Government institutions not role model for health care

One of the arguments used to promote more government involvement in the provision of health care is this: government already provides so many services, and government provides these so well, that we ought to turn over medicine to it too.

The New York Times’ Nicholas D. Kristof made such an argument in a recent column, citing, specifically, “fire protection, police work, education, postal service, libraries, health care” as examples of where “governments fill needs better than free markets.”

This might possibly make sense if the premise of the argument — that government does all this stuff well — wasn’t false. Kristof himself has written several columns in the past year that are critical of public (government) education in America.

Something that almost everyone assumes that only government can provide — libraries — illustrates how we end up with sub-standard institutions and service. My post Consider the alternative to a public library in Wichita provides additional detail.

For deconstruction of the myth that there are things — like police protection and the streets and highways — that government provides best, or government can be the only provider of, see For A New Liberty: The Libertarian Manifesto by economist Murray N. Rothbard. In his introduction to this work, Lew Rockwell wrote: “Murray Rothbard was the creator of modern libertarianism, a political-ideological system that proposes a once-and-for-all escape from the trappings of left and right and their central plans for how state power should be used. Libertarianism is the radical alternative that says state power is unworkable and immoral.” For streets and highways, see the introduction to Walter Block’s new book A Future of Private Roads and Highways.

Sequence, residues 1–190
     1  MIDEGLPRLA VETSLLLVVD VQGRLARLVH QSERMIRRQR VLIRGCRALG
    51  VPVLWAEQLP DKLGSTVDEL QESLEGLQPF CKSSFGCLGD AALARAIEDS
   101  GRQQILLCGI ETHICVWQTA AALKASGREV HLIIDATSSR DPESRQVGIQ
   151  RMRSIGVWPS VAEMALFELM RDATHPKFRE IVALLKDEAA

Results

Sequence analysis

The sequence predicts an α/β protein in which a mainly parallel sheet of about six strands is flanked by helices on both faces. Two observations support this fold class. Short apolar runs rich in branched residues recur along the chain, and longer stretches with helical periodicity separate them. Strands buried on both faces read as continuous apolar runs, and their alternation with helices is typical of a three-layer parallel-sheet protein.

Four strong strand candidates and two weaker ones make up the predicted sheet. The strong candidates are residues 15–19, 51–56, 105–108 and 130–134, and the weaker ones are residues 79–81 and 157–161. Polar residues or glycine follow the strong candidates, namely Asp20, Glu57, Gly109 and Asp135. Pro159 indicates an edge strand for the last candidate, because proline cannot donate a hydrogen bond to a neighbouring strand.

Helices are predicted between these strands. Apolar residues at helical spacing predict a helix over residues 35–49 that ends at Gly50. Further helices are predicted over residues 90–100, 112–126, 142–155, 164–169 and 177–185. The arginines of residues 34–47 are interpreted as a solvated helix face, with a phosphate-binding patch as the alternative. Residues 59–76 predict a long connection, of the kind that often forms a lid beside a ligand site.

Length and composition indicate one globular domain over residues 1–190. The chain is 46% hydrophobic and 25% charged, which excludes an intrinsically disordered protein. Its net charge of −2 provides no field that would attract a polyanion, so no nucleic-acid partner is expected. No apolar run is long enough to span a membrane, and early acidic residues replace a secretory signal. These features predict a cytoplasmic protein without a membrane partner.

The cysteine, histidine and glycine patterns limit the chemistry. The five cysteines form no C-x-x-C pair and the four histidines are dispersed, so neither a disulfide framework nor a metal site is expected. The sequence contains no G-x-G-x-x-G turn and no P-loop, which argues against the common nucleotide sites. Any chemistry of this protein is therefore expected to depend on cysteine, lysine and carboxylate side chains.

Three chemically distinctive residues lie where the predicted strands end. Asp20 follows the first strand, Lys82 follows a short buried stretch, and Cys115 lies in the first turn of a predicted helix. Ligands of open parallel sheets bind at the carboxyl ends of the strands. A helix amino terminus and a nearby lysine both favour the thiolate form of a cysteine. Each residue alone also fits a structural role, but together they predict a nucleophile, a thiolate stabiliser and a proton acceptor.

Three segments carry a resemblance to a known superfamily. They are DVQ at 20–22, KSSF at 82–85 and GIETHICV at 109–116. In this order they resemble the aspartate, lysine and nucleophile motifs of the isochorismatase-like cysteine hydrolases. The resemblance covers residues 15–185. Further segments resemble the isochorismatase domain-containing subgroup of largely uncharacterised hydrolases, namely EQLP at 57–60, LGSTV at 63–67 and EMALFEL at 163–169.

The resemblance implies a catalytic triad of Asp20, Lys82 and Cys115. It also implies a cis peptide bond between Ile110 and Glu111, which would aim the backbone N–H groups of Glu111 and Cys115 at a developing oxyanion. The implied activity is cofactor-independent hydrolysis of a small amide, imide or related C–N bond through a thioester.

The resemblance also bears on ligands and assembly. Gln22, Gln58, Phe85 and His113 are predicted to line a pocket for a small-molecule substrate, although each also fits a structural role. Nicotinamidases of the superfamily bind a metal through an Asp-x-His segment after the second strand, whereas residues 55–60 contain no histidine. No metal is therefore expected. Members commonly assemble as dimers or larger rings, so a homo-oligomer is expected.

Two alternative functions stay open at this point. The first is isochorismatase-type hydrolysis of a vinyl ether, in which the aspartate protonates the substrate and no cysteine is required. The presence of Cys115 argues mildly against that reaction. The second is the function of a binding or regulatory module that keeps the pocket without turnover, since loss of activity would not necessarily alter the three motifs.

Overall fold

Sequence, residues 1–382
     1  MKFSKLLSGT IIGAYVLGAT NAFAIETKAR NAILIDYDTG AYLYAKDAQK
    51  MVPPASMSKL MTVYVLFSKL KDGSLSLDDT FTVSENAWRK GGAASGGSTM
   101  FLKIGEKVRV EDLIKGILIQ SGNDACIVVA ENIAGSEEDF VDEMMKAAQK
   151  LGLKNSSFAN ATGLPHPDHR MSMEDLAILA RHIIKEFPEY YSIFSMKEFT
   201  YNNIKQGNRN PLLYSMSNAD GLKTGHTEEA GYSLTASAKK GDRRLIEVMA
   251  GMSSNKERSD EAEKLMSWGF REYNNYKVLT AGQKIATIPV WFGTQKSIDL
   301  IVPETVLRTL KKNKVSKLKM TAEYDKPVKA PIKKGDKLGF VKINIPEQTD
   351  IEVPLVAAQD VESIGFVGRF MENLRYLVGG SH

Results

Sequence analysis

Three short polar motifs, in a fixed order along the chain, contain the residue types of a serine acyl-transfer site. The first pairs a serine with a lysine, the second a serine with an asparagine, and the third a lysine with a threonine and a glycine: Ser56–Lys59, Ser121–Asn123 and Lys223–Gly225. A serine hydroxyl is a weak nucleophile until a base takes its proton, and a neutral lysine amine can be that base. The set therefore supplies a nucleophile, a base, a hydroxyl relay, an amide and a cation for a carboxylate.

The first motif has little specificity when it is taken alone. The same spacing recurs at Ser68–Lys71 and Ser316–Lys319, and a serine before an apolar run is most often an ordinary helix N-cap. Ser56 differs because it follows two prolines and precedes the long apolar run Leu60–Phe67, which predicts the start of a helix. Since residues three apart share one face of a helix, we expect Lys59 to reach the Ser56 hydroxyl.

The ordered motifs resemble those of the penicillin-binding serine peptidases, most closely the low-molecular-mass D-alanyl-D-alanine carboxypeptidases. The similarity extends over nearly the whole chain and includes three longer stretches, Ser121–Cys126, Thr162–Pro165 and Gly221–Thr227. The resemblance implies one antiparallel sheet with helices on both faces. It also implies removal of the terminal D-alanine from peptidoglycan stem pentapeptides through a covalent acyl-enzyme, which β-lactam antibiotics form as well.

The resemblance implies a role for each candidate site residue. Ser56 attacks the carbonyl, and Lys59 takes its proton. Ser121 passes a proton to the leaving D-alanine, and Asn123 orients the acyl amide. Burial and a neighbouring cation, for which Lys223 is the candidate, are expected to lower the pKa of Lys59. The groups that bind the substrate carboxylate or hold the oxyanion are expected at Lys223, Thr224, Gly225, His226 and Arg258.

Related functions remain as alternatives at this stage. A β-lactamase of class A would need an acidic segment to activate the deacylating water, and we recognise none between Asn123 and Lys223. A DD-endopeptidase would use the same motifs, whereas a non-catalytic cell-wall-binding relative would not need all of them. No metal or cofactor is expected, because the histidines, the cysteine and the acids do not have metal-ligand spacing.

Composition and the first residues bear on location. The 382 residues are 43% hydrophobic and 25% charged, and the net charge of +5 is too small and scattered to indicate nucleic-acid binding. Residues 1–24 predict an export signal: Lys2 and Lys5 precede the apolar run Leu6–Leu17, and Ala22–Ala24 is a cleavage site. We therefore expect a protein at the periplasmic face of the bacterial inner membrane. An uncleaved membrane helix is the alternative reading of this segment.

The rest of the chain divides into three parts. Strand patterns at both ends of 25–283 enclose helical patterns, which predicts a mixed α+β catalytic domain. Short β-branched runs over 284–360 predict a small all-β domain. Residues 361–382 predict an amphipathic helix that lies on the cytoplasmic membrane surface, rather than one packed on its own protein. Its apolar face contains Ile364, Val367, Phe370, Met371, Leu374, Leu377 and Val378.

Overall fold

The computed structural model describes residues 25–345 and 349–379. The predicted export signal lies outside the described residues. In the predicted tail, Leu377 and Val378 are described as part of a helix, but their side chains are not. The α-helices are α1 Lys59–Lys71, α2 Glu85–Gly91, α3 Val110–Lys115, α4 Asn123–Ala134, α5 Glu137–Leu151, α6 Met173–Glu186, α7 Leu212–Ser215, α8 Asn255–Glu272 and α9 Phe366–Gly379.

Yet, many people love these public institutions because they’re free, or at least they seem to be. It doesn’t cost anything to call the police or to check out a book from the library, and enrolling a child in a public school costs only a modest fee.

But these institutions not free. They cost a great deal. But they seem to be free, and that’s a dangerous illusion.

Already much of the trouble attributed to our health care system stems from its appearance of being free of cost, or at least having very low cost compared to its actual cost. This is the case for Medicare and Medicaid recipients, and for most people who have employer-provided health insurance.

When more people begin considering health care to be free, that will truly be a dangerous time. Our government-run schools, post office, and libraries are not institutions that provide good role models.

4 Comments

  • Somebody explain this circle logic to me. Everybody says there is up to 30% fraud and waste in the medicare program, and this is where we will get the money to pay for health care reform. If the Government can do a better cheaper job at health care how come its one example (medicare) has 30% fraud and waste.
    2. Pres. Obama said last night in his address he wants to set up an exchange like Federal employees have to take advantage of group size. Good enough on the surface. He also said that same plan has a 3% administrative cost. Also very good on the surface. What he failed to say was that that 3% was in addition to to the normal profits and administrative costs that the same 5 big insurers (Blue Cross, Aetna, etc. etc.)